Center channel questions

I currently listen to my TV sources using a normal two channel stereo. Its very high end but my wife and I often cant understand dialog and other times the sound track background noises and music overwhelm the dialog. Is this because we are missing the center channel information?

I understand the the center channel is dedicated mostly to voices so the addition of a center channel might clarify our problem.

If i am correct I would be looking for a center channel decoder. (I don't want to buy a 5.1 channel system, just a mono amp being driven by a center channel decoder if such a thing exists. Please comment and or make suggestions.
you can use TV output into B&O beoplay S3 amplified speaker for your center channel.

When I added a center channel there was a significant improvement. Especially with movies. 

It's not clear whether it's your TV or your 2 channel stereo is high end. In any event, for as good as the picture is on high-def TVs, the audio can be awful. Even on high end TVs. 

Check the Audio Output settings on the TV. You may have it set to surround. 


Get a soundbar. Mine has a wireless sub. Very boomy but I can hear the dialog. Shop wisely. The downside to this is that you've bypassed your two channel system if you enjoy music on television.

"I don't want to buy a 5.1 channel system, just a mono amp being driven by a center channel decoder if such a thing exists."

I don't think such a thing exists, and if it did, there is a good possibility you would have a sync problem with the main speakers.

Does your main system have HT bypass capability?
I was in a similar situation...Initially I purchased a AVR to drive my center channel, but ended up purchasing rears. I use my preamp’s HT bypass when l’m watching television or movies. The AVR is turned off when I’m listening to 2-channel. Some would say my system is Highend and I thought this was the most economical way to improve the dialog when watching television and movies. 
It can be partly the speakers you are using, and partly lack of the center. A good center adds significant clarity.

I used to be on the "phantom center is good enough" camp, but after experimentation and research I am no longer. A center is noticeably better, and a neutral center is the best. :) Look for Monitor Audio as a solid affordable brand.
The only way you can "de-code" the center channel track is with an AVR. This would take the same space as a separate amp. However you would have 2 volumes to deal with, the 2 channel system and the AVR, this would become annoying. Unless your 2 channel preamp has unitygain. The other option is to not use the 2 channel system and buy a good sound bar, as mentioned above.

How are you getting the TV output to your system? What is the setup? Is it possible that you just have a setup problem. I know I had issues years ago when I tried to connect my cable box into my system via digital output. The cable box was set to Dolby Digital and I had to change it to PCM so it down-mixed the multi-channel audio down to 2 channels.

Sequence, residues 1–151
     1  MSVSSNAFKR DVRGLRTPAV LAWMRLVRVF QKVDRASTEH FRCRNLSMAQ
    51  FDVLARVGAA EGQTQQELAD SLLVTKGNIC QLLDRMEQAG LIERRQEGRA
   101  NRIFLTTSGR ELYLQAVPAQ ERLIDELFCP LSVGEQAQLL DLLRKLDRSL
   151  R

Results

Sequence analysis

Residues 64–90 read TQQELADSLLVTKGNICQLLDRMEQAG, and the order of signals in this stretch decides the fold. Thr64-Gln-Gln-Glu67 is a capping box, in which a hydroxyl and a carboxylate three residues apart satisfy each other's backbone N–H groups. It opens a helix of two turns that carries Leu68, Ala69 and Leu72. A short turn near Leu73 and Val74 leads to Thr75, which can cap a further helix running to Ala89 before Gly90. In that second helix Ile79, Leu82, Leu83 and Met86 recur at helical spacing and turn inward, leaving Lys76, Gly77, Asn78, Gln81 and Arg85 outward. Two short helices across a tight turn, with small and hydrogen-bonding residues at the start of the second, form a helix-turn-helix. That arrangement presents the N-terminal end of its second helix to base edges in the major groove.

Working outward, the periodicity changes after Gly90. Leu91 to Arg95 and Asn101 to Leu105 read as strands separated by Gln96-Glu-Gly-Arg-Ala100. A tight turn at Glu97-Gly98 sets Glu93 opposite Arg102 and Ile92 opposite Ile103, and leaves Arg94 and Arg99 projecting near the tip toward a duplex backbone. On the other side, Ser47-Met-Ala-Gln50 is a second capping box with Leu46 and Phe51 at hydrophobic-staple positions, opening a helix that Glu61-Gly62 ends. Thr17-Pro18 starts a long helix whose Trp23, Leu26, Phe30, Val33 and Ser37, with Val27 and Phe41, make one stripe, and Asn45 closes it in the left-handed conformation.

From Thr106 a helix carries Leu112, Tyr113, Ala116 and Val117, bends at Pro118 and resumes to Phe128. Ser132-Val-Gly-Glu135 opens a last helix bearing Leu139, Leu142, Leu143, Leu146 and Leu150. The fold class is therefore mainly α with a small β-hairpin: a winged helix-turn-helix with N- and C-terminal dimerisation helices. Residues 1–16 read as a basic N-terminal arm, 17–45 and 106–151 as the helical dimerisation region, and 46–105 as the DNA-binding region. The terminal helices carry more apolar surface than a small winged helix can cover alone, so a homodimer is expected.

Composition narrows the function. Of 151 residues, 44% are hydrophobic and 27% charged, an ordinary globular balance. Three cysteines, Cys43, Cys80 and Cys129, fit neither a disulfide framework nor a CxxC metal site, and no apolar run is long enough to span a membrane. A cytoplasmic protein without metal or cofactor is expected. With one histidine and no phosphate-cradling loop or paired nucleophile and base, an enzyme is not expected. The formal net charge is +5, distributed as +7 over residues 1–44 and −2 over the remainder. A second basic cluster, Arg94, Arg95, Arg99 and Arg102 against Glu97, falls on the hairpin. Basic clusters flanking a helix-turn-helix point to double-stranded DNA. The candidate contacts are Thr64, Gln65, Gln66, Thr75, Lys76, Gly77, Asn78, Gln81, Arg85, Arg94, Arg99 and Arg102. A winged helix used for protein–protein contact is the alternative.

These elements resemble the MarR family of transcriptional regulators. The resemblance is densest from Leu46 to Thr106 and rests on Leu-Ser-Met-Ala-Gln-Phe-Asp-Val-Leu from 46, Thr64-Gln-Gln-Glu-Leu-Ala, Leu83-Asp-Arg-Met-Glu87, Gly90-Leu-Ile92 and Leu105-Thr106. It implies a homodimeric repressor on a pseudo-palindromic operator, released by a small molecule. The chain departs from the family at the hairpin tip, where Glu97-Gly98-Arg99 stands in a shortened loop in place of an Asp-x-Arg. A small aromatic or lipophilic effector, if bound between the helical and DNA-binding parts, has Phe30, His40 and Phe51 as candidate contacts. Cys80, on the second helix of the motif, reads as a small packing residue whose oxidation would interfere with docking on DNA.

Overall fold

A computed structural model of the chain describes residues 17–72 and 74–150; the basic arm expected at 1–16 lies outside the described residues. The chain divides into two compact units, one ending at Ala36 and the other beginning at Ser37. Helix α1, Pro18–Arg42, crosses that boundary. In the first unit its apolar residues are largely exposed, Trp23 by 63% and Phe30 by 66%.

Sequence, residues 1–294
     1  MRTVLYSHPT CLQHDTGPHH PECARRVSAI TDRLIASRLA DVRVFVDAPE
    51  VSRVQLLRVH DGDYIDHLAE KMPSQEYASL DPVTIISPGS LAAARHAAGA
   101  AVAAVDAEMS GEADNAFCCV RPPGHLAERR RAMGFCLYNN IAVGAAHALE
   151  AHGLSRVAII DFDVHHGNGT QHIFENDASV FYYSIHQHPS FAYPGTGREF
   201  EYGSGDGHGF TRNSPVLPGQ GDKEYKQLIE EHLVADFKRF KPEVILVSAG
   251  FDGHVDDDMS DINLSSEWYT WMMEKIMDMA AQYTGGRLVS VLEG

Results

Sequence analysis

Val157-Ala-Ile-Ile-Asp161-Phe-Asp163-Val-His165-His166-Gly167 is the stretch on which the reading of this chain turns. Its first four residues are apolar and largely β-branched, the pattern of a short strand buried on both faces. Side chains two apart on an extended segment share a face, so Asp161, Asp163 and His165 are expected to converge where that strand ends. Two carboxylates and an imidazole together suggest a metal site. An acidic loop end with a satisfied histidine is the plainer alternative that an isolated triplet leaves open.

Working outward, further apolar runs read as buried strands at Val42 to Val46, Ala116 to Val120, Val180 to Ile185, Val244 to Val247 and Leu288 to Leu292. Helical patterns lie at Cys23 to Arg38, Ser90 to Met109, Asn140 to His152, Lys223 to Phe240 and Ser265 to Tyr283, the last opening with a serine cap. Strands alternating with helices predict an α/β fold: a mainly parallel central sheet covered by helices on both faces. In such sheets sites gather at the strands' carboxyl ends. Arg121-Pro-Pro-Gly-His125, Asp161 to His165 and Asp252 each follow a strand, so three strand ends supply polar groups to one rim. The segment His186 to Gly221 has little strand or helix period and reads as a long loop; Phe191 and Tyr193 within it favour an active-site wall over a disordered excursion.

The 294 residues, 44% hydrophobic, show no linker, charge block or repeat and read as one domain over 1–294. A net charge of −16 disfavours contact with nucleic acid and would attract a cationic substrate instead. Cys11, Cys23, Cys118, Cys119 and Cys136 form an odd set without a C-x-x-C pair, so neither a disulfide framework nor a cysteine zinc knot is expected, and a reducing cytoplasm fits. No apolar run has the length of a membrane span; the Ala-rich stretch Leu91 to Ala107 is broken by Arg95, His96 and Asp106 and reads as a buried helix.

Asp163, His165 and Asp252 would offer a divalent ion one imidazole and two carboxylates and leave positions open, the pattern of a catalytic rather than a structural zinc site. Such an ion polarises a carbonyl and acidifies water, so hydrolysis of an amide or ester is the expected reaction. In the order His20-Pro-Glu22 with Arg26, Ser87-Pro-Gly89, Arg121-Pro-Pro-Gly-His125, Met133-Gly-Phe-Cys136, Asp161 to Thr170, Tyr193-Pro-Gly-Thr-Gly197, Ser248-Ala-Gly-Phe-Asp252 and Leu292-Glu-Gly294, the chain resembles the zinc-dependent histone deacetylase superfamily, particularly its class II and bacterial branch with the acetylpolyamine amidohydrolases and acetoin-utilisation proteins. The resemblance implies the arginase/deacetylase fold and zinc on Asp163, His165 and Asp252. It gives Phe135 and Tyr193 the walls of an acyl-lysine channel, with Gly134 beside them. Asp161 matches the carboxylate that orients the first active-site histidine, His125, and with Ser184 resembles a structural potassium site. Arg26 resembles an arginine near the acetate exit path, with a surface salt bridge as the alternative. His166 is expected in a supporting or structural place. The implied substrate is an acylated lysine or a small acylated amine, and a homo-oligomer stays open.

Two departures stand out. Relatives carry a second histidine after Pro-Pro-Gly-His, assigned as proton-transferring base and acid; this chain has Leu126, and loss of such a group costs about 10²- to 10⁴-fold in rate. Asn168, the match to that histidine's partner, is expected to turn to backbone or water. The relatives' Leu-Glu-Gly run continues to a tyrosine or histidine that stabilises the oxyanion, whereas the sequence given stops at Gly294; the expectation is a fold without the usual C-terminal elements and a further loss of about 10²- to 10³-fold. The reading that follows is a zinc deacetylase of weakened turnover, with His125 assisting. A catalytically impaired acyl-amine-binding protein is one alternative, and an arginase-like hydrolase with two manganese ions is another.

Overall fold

If your setup is good and you want a solution, perhaps a higher end under TV audio system like an upper-end ZVOX would work for you. It probably would be a self contained system, not using your existing L&R main speakers. But it would probably provide better dialog.

A more expensive choice would be to replace your current 2-channel pre-amp with a high-end multi-channel HT pre-amp and buy a center channel speaker and amp to power it. In the setup you would only set up the 3 speakers and set the rears/surrounds and sub to "none". However, this may diminish the sound quality of the 2-channel portion of your system unless you buy a super-high end multi-channel pre-amp.


     Another unique solution would be to buy an Oppo 103 or 105 Blu-ray player instead of an AVR.  Both Oppos have built in surround sound (up to 7.1) and analog audio outputs for each channel.just like an AVR but at least you'd have the added bonus of a high quality Blu-ray player if you don't already own one. 

    This would be very similar to buying an AVR and a center channel speaker but would require the additional purchase of a separate center channel amp (a small and inexpensive class D mono amp would work well for this).  This setup would allow you to control the center channel volume through the Oppo remote and, if you later changed your mind about a complete 5.1 or 7.1 surround system, you could add speakers and amps for a complete surround system.

     If this setup appeals to you, I'd be willing to assist you in the hardware and hookup options.

Just an outside the box solution to consider,
You may not have your system configured properly. Go in your TV's menus and make sure you have the output set for 2 channel only. That will get everything to your speakers.

Also look for an option called volume normalization. (It may be called something similar like normalization. You should have no problem finding it. Turn it on and do some listening. You should hear a big difference. (Assuming you needed to make adjustments to the above.)